John Locke enunciates an intriguing principle to govern property rights in section 27 of his 2d Treatise on Government: “Of Civil Government” (Chapter V "Of Property"):
Though the earth, and all inferior creatures, be common to all men, yet every man has a property in his own person: this no body has any right to but himself. The labour of his body, and the work of his hands, we may say, are properly his. Whatsoever then he removes out of the state that nature hath provided, and left it in, he hath mixed his labour with, and joined to it something that is his own, and thereby makes it his property. It being by him removed from the common state nature hath placed it in, it hath by this labour something annexed to it, that excludes the common right of other men: for this labour being the unquestionable property of the labourer, no man but he can have a right to what that is once joined to, at least where there is enough, and as good, left in common for others.
The starting place for John Locke's argument seems sound:
- People have a property right in their own bodies.
- To the extent possible, people should have a property right in their own labor.
The difficulty that John Locke does his best to minimize is this: what if my labor modifies something to which I did not have a property right? Then
- if the modified thing is made mine, I have arrogated to myself something that was not mine by "mixing it with my labor";
- if the modified thing is not made mine, then the labor I have put into modifying it has been taken away from me.
John Locke supposes that there are plenty of things available that have not been mixed with anyone's labor, so I might as well be given that thing that was not mine if I mix my labor with it. Yes it was not mine and now it is mine, but anyone else can get one if they want, John Locke argues. But this is too optimistic. In the world of 2017, there is a shortage of attractive land that is unowned by anyone, and an even greater shortage of land over which no nation claims political dominion. Even when it comes to ideas, I might pluck an idea out of the Platonic realm and claim ownership of it by thinking about it a little bit, when given another week or another year you might have figured that idea out.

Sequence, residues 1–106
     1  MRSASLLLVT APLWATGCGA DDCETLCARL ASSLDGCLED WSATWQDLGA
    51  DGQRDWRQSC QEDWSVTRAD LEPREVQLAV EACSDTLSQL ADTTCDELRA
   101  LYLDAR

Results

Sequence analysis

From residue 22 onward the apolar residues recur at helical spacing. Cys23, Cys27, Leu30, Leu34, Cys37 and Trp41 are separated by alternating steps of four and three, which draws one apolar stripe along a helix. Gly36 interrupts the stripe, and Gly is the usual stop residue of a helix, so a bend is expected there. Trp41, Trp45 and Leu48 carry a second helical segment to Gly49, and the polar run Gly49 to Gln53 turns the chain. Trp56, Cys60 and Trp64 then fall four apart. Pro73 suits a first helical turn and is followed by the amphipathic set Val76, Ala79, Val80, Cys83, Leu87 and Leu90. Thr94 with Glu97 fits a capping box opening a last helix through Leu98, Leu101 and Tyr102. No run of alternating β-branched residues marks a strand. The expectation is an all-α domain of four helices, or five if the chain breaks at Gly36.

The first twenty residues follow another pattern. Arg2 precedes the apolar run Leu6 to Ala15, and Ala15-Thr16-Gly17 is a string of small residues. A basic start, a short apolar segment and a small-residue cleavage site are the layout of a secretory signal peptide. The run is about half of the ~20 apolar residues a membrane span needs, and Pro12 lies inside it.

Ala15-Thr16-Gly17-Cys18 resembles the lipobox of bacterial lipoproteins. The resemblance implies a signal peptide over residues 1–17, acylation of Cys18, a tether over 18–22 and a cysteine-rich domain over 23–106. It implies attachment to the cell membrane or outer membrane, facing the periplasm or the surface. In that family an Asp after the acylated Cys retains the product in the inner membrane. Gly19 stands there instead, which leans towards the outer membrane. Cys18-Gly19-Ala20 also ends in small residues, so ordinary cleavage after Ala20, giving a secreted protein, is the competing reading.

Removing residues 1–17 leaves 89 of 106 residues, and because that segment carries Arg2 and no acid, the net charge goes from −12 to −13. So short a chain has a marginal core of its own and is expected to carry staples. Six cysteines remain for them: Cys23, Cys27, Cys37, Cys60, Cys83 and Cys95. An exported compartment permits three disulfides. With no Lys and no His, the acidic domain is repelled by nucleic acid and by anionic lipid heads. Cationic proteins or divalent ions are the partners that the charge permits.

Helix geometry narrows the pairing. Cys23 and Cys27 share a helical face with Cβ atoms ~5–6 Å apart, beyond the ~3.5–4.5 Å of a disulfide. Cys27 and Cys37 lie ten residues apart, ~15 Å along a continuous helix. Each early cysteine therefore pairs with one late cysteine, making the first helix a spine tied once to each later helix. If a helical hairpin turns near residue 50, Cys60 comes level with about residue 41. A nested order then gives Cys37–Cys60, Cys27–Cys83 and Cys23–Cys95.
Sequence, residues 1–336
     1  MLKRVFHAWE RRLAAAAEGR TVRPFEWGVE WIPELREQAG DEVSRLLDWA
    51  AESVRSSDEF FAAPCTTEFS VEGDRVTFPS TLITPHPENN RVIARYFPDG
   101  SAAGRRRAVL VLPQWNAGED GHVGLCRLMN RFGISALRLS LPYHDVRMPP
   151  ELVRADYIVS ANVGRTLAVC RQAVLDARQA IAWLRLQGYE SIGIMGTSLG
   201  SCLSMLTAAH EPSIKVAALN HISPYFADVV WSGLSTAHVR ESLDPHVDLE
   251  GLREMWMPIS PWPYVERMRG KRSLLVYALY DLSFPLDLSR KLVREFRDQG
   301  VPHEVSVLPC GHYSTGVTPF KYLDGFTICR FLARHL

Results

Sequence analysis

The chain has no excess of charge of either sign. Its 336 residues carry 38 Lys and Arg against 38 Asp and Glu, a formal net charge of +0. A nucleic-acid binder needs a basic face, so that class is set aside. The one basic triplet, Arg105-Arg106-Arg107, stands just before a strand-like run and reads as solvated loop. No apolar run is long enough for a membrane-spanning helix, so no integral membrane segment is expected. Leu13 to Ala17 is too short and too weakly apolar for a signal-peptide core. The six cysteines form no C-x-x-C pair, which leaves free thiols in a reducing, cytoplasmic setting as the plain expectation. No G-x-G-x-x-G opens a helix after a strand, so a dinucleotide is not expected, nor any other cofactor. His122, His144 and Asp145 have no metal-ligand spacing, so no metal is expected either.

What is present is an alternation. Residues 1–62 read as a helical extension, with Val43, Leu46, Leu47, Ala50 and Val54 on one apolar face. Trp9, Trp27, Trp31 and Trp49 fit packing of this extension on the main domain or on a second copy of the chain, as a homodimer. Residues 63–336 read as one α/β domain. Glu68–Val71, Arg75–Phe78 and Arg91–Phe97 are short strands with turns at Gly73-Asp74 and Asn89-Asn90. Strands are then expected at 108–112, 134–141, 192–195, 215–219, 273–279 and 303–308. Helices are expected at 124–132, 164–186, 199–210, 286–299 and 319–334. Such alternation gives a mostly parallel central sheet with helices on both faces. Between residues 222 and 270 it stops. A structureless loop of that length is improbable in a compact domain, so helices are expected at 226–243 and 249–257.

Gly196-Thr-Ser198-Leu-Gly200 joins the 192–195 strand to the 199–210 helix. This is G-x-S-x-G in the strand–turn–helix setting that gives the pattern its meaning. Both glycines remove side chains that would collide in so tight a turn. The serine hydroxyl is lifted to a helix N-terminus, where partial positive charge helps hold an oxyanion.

The marginalist theory has another proposed principle: whoever owns the thing to begin with, they should be willing to pay me the improvement in value from modifying it. The marginalist theory then has no theory at all for the ownership of things that are not themselves the results of someone's labor.
The Coasian principle is that if there were no frictions, it there would be Pareto efficiency regardless of how the property rights are assigned, but in practice, various frictions suggest who should own something in order to minimize the efficiency costs of those frictions. For example, it might be convenient, other things equal, to assign ownership of something to someone who is mixing labor with it in order to reduce transactions costs and any problems from imperfect competition. This is only one possibility when coming from a Coasian point of view, but it is a possibility in the direction of what John Locke is suggesting.
For an initial allocation of property when there really is an abundance of items that no-one has labored over, Locke's labor theory of property seems fine if one does not carefully think through what happens over time. But when items no-one has labored over will become scarce later on, that future scarcity cannot be ignored. Overall, Locke's labor theory of property seems like an excellent early attempt at a theory of property, but it is far from being a fully acceptable theory of property. It is well worth considering what other alternatives there are. I hope to return to this issue in future John Locke posts.
Don't miss other John Locke posts. Links at "John Locke's State of Nature and State of War."